Wednesday, June 1, 2011

Processing Fraud

Am I becoming a recluse? I'm not up for answering all the calls from the dear people who call, text and e-mail. I hope they understand that I get to these when I can. Some days, it takes awhile.

Dori is enjoying being home, though the heat wave has kept her indoors lately. It's not even summer, but feels like early August. The invasion of the 13-year cicada is in full force. My running was good last week when it was cool ... about 24 miles. This week, I've only run four so far. The kids are out of school. Kathryn is diving, while Will is playing tennis. Both are playing summer basketball.

Dori spent seven draining hours at the clinic last Friday getting red blood and platelets. Remarkably, she didn't need any blood products today. Any time away from the hospital is good. She is eating well, playing board games with the kids and mostly having good days. A few have been rough, but we'll take what we're getting right now for as long as we can.

I finally watched the Lance Armstrong story on 60 Minutes. Dori and I identified with him, obviously through his cancer journey. We read his books, and I followed his cycling career very closely, with admiration. But that view has been shattered with the undeniable proof that continues to emerge. Lance cheated, and so did his teammates and most of his competitors. He might go to prison. It's the same with college football: USC, Ohio State and others. So many cheat or break the rules, and the governing bodies turn their heads or only address serious problems when they're about to be exposed.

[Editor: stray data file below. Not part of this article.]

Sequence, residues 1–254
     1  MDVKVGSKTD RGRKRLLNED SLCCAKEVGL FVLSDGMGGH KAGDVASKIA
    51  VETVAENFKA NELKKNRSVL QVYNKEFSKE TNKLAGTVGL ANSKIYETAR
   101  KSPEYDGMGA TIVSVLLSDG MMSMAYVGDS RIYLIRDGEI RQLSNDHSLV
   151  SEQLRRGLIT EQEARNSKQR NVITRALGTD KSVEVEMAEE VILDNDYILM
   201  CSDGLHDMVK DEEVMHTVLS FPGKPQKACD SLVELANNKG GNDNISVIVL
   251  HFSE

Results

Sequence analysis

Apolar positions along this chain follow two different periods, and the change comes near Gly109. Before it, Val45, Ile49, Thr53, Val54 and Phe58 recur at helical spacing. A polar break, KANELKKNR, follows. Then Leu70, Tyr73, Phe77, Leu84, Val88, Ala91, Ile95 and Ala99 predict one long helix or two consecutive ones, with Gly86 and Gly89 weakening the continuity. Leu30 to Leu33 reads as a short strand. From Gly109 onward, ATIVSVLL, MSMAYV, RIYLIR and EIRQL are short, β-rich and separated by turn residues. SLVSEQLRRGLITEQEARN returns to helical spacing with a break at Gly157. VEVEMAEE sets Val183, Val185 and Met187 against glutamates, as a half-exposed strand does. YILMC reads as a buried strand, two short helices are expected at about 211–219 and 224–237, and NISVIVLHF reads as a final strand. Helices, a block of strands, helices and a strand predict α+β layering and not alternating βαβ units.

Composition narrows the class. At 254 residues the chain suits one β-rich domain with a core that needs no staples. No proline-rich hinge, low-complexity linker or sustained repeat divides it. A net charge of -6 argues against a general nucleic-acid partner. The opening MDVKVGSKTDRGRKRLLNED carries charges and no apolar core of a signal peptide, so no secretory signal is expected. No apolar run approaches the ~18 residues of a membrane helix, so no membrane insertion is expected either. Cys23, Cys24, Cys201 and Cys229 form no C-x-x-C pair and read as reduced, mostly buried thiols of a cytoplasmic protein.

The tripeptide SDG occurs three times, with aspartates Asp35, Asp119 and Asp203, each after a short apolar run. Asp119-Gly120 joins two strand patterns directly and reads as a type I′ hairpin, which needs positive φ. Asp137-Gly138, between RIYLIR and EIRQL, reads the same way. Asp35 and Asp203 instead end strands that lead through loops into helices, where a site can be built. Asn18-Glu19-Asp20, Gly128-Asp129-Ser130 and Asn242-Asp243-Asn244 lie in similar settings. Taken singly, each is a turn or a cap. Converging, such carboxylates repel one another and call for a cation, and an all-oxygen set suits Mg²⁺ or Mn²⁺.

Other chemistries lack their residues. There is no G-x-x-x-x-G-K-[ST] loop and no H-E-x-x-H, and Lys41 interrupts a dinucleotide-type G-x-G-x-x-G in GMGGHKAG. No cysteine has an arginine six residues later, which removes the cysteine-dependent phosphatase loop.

It has me searching for achievement with integrity, something that seems to be waning in our "right now for me" culture. Dori is disappointed, as well, but we'll use it as a lesson for our children. Always do things the right way, with integrity and honor. Play like a champion, and lose like one, too, with your head held high that you did your best and you did it honestly.


Ronni Gordon said...

Armstrong's book was the first one I read from my hospital bed during my first round of treatment in 2003. It's all very disappointing. It helped me a lot but I also remember feeling overshadowed by how much distance he managed to cover while he was being treated. I don't know when he started cheating, but that sure sheds a different light on the way I (and I'm sure you too) was reading it.

Jim said...

Ronni, he started cheating before 1999, according to his teammates. He was an elite cyclist, but we should have known better, after watching him and others recover so quickly from epic mountain stages. I removed his cancer foundation link from my blog, and don't plan to pay much attention to his bull. So disappointing.

Patrick said...

The real heroes are the ones who struggle as if no one is watching and no one is going to give them a book contract. People like Dori and Jim Brown, Pope John Paul II, anonymous bone marrow donors and Marine privates watching out for their buddies. The real heroes are the ones that we all recognize as saints--the people who live their lives in such a way that we know that they will go straight to the right hand of God.

Julie said...

Not a recluse, just circling the wagons. I've had to stop watching the coverage of Lance Armstrong. It's all just too disappointing and more than a little frustrating.

PJ said...

It's sad how prevalent cheating is. People don't even believe they're cheating, just taking what they deserve. We make icons of our sports "heroes," elect them to Halls of Fame, and nobody blinks it seems. Same thing with actors, music stars and business people. Sigh.